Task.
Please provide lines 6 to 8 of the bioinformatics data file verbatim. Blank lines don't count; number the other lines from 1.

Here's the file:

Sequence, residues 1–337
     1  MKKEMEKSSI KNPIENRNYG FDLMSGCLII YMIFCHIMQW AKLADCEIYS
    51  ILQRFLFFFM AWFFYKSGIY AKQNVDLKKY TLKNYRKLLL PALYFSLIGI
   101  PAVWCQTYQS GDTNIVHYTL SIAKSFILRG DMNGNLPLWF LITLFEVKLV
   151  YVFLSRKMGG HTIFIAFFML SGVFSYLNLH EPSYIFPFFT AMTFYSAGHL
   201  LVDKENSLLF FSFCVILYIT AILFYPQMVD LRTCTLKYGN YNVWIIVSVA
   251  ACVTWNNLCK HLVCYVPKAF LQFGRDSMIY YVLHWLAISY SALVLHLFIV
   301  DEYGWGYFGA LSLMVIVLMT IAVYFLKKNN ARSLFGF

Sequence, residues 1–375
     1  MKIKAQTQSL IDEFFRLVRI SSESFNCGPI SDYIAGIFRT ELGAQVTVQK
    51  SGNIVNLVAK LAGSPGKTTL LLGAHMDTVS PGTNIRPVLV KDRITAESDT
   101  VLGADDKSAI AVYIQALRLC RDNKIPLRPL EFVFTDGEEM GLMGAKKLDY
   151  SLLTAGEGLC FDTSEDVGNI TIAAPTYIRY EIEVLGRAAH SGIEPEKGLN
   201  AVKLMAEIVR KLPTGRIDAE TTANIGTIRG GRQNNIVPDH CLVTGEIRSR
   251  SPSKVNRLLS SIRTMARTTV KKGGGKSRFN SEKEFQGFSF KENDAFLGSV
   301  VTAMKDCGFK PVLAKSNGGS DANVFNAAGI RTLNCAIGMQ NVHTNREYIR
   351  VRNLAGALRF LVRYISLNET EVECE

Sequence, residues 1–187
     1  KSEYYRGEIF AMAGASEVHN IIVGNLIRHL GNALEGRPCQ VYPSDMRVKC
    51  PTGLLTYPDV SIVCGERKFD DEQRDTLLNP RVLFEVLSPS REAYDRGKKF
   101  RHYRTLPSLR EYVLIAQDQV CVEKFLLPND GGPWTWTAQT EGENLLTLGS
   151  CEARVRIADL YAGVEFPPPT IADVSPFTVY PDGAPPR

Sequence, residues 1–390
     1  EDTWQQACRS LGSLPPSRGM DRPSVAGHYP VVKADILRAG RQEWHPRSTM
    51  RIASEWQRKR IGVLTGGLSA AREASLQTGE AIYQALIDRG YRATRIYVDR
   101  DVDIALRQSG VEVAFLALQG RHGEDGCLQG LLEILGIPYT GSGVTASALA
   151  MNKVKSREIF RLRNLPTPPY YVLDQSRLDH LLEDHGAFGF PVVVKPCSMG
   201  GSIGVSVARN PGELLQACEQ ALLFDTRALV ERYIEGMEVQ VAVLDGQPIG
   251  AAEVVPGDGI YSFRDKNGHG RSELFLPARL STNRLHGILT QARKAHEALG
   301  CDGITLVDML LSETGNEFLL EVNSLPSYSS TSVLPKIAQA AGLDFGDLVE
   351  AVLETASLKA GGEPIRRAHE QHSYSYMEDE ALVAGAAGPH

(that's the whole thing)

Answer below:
   201  LVDKENSLLF FSFCVILYIT AILFYPQMVD LRTCTLKYGN YNVWIIVSVA
   251  ACVTWNNLCK HLVCYVPKAF LQFGRDSMIY YVLHWLAISY SALVLHLFIV
   301  DEYGWGYFGA LSLMVIVLMT IAVYFLKKNN ARSLFGF